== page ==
Each of the plaintiffs in this case has been charged with a violation of N.J.S.A. 39:4-50 based on breathalyzer test results obtained prior to the recent amendment of the statute, effective April 7, 1983. As applicable to plaintiffs, the statute then provided "[a] person who operates a motor vehicle while under the influence of intoxicating liquor" is in violation of the law. N.J.S.A. 39:4-50(a). The statute also provided:In any prosecution for a violation of R.S. 39:4-50 relating to driving a vehicle while under the influence of intoxicating liquor, the amount of alcohol in the defendant's blood at the time alleged as shown by chemical analysis of the defendant's blood, urine, breath, or other bodily substance shall give rise to the following presumptions: * * * * * * * * (3) If there was at that time 0.10% or more by weight of alcohol in the defendant's blood, it shall be presumed that the defendant was under the influence of intoxicating liquor.
The statutory amendment of April 7, 1983 provides that "[a] person who * * * operates a motor vehicle with a blood alcohol concentration of 0.10% or more by weight of alcohol in the defendant's blood" violates the law. N.J.S.A. 39:4-50(a), as amended by L.1983, c. 129 § 1. As noted in the accompanying statement of purpose, the amended law "requires that a person whose blood alcohol concentration is 0.10% or greater be considered guilty of driving while intoxicated. Current law merely creates a presumption that such a person was under the influence of intoxicating liquor." Consistent with this purpose, the amendment, L. 1983, c. 129, § 2, deleted from the statute the terms of N.J.S.A. 39:4-50(a)(3).
*79 The initial questions that the parties were directed to address called for a reconsideration of the basic premise that the breathalyzer is a scientifically reliable instrument. The first question posed by the Court was whether models 900 and 900A are generally scientifically reliable and accurate instruments for determining the alcohol content of the blood. The second was whether the results of a breathalyzer test should be generally admissible in evidence when the breathalyzer is in proper working order and is used by a competent operator, and whether these results can form the basis upon which the conviction of violating N.J.S.A. 39:4-50 may be obtained.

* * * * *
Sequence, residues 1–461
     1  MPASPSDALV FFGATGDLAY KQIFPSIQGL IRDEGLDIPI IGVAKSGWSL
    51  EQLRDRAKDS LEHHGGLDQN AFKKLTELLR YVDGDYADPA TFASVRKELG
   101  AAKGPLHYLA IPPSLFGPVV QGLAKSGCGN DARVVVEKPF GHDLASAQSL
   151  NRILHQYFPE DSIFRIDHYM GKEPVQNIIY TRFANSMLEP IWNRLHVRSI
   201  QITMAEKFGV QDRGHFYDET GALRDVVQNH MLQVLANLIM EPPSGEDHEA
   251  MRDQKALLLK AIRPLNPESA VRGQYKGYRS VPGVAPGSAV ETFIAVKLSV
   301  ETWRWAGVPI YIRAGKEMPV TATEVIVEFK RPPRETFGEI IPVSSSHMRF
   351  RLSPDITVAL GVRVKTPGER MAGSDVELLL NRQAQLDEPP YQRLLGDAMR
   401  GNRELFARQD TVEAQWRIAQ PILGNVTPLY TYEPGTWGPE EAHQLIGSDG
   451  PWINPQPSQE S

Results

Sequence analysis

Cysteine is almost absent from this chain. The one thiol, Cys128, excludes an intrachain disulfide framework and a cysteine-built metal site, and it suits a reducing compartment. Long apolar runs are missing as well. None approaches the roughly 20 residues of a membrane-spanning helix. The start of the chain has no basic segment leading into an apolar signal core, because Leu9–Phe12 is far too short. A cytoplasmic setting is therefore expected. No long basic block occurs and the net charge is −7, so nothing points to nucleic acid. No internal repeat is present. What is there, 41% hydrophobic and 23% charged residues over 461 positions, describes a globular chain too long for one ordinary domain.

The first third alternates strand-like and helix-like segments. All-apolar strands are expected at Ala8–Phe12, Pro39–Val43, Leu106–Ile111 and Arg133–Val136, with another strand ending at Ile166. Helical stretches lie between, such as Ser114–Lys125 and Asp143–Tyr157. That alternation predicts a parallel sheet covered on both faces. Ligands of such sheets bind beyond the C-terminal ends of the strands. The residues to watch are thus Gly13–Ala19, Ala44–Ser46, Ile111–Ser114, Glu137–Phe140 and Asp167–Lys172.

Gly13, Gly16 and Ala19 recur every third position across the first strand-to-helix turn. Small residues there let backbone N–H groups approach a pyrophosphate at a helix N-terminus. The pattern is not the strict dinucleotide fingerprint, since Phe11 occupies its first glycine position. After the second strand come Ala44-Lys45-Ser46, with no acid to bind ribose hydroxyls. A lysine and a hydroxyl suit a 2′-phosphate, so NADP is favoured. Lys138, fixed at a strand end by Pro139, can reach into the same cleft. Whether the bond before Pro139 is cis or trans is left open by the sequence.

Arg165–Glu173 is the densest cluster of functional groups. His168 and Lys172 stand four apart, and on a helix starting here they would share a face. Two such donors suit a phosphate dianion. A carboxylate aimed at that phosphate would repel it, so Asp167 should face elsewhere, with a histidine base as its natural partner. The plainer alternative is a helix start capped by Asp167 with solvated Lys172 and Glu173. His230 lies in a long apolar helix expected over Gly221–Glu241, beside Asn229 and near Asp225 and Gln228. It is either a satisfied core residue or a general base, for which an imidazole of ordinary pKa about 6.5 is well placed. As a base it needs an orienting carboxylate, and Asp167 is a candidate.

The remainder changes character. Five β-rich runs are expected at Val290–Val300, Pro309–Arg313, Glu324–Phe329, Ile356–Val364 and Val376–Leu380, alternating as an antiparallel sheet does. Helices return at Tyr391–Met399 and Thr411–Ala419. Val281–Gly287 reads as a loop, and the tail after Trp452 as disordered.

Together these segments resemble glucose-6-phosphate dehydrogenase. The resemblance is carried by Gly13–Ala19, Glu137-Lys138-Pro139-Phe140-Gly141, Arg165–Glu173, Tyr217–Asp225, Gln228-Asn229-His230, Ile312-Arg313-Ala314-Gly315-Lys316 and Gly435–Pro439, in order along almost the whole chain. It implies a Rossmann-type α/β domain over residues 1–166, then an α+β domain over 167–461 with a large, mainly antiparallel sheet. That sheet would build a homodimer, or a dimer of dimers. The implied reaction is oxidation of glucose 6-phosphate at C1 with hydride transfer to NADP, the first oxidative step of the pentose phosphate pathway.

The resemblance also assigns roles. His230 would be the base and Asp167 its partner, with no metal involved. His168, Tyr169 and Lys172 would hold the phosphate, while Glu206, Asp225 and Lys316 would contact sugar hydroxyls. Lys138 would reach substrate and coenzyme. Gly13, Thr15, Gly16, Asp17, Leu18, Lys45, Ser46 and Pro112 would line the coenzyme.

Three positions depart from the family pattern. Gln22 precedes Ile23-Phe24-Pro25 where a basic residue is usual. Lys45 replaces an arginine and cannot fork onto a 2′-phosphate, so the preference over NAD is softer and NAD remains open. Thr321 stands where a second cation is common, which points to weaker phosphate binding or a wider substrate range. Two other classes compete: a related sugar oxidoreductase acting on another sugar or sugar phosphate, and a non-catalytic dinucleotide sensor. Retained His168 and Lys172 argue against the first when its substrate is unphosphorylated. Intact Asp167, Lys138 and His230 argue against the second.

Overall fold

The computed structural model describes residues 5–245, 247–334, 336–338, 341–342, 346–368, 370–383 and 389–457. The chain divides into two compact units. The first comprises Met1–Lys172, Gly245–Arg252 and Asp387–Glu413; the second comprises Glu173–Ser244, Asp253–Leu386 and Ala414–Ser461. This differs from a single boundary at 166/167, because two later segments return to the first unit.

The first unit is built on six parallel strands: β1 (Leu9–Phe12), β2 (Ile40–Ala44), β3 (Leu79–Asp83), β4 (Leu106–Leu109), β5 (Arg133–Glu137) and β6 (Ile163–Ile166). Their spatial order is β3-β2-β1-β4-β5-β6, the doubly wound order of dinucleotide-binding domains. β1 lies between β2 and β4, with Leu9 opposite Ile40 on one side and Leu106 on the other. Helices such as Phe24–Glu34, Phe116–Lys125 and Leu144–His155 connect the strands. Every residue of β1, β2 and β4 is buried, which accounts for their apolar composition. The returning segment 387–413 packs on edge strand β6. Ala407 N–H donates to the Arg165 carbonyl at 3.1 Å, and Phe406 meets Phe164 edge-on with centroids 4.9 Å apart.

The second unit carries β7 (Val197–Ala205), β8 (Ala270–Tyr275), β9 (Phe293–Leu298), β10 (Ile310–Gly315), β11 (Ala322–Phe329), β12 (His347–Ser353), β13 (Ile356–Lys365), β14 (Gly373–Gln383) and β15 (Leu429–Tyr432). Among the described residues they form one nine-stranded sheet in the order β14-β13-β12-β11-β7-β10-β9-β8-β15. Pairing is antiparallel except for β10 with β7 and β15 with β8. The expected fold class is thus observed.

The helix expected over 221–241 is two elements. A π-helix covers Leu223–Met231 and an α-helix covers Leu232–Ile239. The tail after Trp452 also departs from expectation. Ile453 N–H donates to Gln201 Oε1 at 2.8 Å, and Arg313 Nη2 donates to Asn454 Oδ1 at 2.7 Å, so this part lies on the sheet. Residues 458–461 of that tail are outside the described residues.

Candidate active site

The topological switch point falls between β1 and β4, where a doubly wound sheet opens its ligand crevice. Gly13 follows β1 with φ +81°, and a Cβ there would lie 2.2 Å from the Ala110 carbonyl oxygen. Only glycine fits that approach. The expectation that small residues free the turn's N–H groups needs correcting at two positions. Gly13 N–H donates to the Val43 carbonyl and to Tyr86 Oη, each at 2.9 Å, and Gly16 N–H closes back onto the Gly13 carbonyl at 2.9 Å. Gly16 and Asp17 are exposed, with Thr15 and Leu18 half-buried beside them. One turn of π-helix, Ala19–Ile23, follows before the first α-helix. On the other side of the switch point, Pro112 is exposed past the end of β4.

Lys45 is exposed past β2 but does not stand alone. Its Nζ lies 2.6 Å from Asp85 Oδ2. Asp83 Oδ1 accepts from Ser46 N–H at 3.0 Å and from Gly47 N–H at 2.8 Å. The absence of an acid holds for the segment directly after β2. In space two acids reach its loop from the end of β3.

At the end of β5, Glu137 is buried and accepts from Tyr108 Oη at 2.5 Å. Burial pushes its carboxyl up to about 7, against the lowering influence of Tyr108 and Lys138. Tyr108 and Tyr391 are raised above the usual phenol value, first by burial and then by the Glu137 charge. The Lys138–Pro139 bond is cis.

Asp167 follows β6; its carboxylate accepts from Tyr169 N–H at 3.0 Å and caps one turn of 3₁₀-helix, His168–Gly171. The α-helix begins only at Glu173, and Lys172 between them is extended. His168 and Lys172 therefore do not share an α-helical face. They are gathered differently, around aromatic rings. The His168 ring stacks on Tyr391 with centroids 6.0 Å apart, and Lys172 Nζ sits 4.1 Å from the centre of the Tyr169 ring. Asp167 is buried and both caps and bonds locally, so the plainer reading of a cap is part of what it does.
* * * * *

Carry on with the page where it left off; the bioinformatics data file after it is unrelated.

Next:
In treating the basic issue framed by these questions, Judge McGann recognized that a clear understanding of the workings of the breathalyzer instrument was indispensible. We accept his accurate and complete description of the breathalyzer, viz:The instrument is essentially a light balancing device. It contains a light source positioned between two photoelectric cells. Each cell is connected electronically to opposite sides of a current reading meter. When the light is turned on, electric energy is produced by the photoelectric cells which causes a current to flow into the meter. The meter needle will deflect from center one way or the other depending on which current is stronger. The light between the photoelectric cells can be mechanically moved by means of an adjusting knob geared to a finely threaded shaft closer to one cell or to the other. Because photoelectric energy produced by each of the cells varies with the distance from the light, the light can be moved so that the current strength produced by each is equal and opposite. The meter needle is centered indicating zero current flow through it. Between the light and each of the cells is a receptacle for an ampule a sealed glass container with a solution of potassium dichromate and sulphuric acid. The light thus passes through each of the ampules before striking the photoelectric cell. The solution is a lemon yellow in color. With solutions of the same color the meter needle registers zero current. To conduct a test the seal on one of the ampules is broken and the breath sample is bubbled through that solution. Any alcohol in the breath reacts with the potassium dischromate and effectively fades or lightens the color of the solution. The more alcohol in the breath the lighter the solution becomes. More light from the source is allowed to strike the photoelectric cell on that side than before; more photoelectric energy is produced; more current results and the meter needle then moves proportionately to the amount of alcohol in the breath. The source light can then be shifted by use of the threaded screw away from the test ampule and toward the reference ampule. In this fashion the amount of light striking each photoelectric cell can be equalized and the meter needle again brought to zero reading. The distance traveled by the *80 source light on the threaded screw is thus a measure of the alcohol in the breath. By mechanical calibration this distance is read off on a separate scale as a percent of alcohol in the breath.